4 Marginal Revenue for a linear demand function: Consider a market in which demand is characterized by the linear inverse demand function P D ( Q) a bq. Our general expression for Marginal Revenue is P MR Q P (" slope" ) Q P Q For P D ( Q) a bq, " slope" b Thus, MR ( b) Q PD ( Q) bq a bq a 2bQ Comparing P D ( Q) a bq and MR a 2bQ, the latter function has the same vertical intercept but is twice as steep a Marginal Revenue (1/2)a (1/2)(a/b) (a/b)

5 Profit Maximization for firm with Market Power: To maximize profit, the firm should: 1. Produce every unit of output for which MR>MC 2. Don t produce any units for which MR<MC Q* Set price equal to the amount which will make consumers exactly willing and able to purchase Q* => rely upon the vertical interpretation of demand in order to determine the profit maximizing price P* Q*

6 Profit of firm with market power: P* ATC(q) ATC(Q*) Q* (Profit) = (Total Revenues) (Total Costs) = [P*][Q*] [Q*][ATC(Q*)] = [Q*][P* ATC(Q*)] = ( light green area above ) So, this monopolist is able to earn a positive profit, and will therefore not want to shut down. But, is this always be the case? Shutting down only ever makes sense if it is never possible for the firm to cover their variable costs of production. That is, produce a positive so long as for some the firm has: (Total Revenue) > (Variable Costs) (P)(Q) > [Q][AVC(Q)] P > AVC (Q) But, (P) is simply the height of the demand curve So, the firm will produce a positive in the short run so long as AVC(Q) dips below the demand curve at some level of Q Similarly, the firm is able to earn a positive profit so long as they are able to generate revenues which cover total costs at some level of output. This is true so long as: (Total Revenue) > (Total Costs) (P)(Q) > [Q][ATC(Q)] P > ATC (Q) But, (P) is simply the height of the demand curve So, the firm will be able to earn a positive profit so long as ATC(Q) dips below the demand curve at some level of Q

7 Alternative Interpretation of Profit Max Condition At this point we have noted that the firm will maximize profit by choosing the for which: MR=MC However, we previously specified MR in terms of price elasticity as: 1 MR P1 p Thus, the condition for profit maximization becomes: 1 1 P1 MC P P MC p p 1 P MC P MC P 1 p P p In this final form, this rule for profit maximization is called the Inverse Elasticity Pricing Rule (IEPR) Inverse Elasticity Pricing Rule to maximize profit, a firm must be operating where the markup of price above marginal costs as a percentage of price is equal to minus the inverse of price elasticity of demand. Surplus and Efficiency (when firm with market power maximizes profit): Efficiency: One any one particular unit (buyer s reservation price) = (height of demand) (seller s reservation price) = (height of MC) For efficiency, we should trade all units for which () > (MC) => (DWL) > at Q* => Firm with market power produces less than the efficient P* CS PS DWL Q* Q E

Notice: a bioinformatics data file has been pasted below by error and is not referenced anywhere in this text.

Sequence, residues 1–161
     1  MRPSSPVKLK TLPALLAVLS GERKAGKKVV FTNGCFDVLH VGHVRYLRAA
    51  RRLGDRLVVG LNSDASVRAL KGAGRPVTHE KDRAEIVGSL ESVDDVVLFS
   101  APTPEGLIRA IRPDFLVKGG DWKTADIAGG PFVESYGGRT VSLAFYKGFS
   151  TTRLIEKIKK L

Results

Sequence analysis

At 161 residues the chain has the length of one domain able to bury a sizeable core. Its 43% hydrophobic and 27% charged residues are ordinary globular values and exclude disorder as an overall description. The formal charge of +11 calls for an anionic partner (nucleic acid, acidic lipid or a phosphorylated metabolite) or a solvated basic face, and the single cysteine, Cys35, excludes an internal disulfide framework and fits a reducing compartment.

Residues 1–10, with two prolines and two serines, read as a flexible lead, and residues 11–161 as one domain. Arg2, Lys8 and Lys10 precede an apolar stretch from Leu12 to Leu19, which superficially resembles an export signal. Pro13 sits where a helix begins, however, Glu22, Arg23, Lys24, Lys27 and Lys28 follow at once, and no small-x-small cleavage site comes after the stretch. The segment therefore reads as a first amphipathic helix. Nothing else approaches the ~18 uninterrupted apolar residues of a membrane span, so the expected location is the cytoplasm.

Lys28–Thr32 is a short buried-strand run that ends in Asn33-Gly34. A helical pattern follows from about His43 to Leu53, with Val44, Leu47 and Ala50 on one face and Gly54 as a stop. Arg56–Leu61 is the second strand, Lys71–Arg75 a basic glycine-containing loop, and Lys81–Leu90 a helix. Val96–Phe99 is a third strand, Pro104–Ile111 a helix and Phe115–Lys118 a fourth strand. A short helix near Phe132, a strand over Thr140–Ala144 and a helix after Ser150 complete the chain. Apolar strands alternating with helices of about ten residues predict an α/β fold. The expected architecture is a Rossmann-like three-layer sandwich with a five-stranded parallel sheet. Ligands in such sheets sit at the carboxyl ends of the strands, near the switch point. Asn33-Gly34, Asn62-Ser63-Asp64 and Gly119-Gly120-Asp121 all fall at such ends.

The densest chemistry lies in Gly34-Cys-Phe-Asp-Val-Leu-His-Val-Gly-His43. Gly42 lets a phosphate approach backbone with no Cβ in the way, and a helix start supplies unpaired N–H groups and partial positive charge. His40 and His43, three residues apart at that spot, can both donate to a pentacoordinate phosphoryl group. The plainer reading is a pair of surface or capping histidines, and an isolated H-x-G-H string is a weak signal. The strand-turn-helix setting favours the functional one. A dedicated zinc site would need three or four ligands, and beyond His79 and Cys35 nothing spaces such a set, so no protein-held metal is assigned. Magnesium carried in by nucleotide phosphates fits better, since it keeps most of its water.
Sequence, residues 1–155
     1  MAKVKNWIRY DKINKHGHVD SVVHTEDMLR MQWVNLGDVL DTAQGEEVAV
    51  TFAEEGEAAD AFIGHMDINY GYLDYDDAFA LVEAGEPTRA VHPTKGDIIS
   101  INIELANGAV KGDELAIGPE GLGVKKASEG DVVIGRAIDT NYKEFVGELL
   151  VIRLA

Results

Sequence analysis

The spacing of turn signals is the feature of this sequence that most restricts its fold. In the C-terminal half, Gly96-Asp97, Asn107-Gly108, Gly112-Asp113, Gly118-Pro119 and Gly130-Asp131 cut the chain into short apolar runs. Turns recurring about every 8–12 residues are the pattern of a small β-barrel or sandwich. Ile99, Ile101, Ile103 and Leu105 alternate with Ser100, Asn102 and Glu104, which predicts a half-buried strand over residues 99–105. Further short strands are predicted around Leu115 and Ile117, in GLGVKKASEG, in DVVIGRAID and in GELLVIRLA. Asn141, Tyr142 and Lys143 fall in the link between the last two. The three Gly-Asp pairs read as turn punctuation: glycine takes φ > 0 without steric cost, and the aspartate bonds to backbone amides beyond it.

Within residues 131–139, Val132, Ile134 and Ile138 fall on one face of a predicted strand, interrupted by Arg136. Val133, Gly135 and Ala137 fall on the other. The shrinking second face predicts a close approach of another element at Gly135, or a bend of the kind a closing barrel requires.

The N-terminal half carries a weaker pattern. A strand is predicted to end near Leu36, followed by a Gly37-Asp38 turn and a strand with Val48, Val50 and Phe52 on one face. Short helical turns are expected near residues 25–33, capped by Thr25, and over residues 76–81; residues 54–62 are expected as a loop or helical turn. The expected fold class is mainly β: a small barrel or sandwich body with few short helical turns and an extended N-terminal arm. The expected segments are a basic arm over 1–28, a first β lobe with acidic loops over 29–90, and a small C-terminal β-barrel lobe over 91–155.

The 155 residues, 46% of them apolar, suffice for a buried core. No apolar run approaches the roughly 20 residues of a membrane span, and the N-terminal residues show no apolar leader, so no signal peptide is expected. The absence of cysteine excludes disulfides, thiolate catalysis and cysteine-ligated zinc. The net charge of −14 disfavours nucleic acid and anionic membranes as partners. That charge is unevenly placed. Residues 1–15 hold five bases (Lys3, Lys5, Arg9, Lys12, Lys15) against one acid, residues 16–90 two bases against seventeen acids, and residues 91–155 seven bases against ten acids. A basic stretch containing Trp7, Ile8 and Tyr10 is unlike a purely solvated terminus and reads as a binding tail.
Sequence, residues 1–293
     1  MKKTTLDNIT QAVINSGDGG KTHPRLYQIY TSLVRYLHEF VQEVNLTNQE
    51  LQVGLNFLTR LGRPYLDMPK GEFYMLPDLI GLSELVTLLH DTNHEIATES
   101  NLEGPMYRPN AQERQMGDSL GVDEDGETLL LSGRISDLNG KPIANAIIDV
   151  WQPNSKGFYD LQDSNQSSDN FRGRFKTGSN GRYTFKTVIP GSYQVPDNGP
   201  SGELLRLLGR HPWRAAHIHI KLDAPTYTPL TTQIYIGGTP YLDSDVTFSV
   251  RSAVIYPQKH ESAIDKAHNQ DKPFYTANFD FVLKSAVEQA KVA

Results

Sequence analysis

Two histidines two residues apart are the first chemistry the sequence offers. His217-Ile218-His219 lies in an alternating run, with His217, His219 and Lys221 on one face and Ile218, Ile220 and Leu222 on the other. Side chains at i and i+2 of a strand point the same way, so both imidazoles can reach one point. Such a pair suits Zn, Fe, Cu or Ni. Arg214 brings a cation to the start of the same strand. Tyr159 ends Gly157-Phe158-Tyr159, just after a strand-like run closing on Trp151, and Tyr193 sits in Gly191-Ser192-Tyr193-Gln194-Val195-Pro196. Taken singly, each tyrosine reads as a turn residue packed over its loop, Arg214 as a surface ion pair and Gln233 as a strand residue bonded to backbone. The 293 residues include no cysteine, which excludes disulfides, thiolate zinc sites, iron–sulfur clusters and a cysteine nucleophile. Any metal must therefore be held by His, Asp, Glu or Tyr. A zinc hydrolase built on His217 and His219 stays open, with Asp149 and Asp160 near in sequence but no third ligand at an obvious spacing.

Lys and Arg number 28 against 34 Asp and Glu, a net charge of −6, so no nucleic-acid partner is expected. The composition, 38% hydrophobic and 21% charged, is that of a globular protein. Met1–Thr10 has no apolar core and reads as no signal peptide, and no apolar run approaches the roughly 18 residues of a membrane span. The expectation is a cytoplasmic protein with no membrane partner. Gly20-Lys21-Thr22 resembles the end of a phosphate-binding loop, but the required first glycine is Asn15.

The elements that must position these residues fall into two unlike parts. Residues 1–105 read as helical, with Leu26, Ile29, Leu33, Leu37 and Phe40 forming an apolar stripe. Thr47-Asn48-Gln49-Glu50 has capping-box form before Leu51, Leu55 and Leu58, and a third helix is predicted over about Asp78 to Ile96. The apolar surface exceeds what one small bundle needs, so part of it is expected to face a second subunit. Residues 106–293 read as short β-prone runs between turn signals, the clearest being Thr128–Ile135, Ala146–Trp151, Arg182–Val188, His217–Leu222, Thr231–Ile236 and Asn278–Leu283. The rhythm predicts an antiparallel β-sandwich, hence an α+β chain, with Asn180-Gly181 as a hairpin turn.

8 First Degree or Perfect Price Discrimination: Again, the knowledge required by the seller to actually engage in such behavior can almost never be known => no good real world examples of 1 st Degree P.D. However, it is still insightful to figure out what a firm would do if they were able to engage in such pricing If (at each along the demand curve) the firm charges each consumer an amount exactly equal to reservation price, then Marginal Revenue is simply equal to height of demand = MR Q FDPD Firm would sell (Q FDPD ) units => extract the entire area below the demand curve, up to the sold as Revenue => (Revenue)=( blue + yellow ) ( yellow ) = (Variable Costs) => (PS) = ( blue ) Note that (CS) = () => Consumers are worse off (compared to traditional monopoly ) (DWL) = () => Social Surplus is larger (compared to traditional monopoly ) So, P.D. can clearly increase both PS and Social Welfare

9 Example of Segmented Pricing leading to increase in CS : Segment A has demand given by the linear inverse function P A D ( q) 1 q Segment B has demand given by the linear inverse function P B D ( q) 2 q Firm has constant marginal costs of MC 4 If these two segments were treated as one single market (i.e., if a common price was set across the two markets), then Profit maximized by setting price of 52, selling 48 units in Segment A and completely ignoring Segment B Segment A : (CS) and (PS) both positive Segment B : (CS) and (PS) both zero If the firm is allowed to engage in Segmented Pricing : set price of 52 in Segment A => sell 48 units in Segment A set price of 12 in Segment B => sell 8 units in Segment B Outcome in Segment A is identical to what is was before But now, in Segment B : (CS) and (PS) are both positive instead of zero Thus, when the firm is able to practice Segment Pricing (as opposed to restricting the firm to charging a common price across both segments) in this example: Producer s Surplus is larger Total Consumers Surplus is larger Therefore, Total Social Surplus is larger (DWL is smaller) Nobody is worse off and some people are strictly better off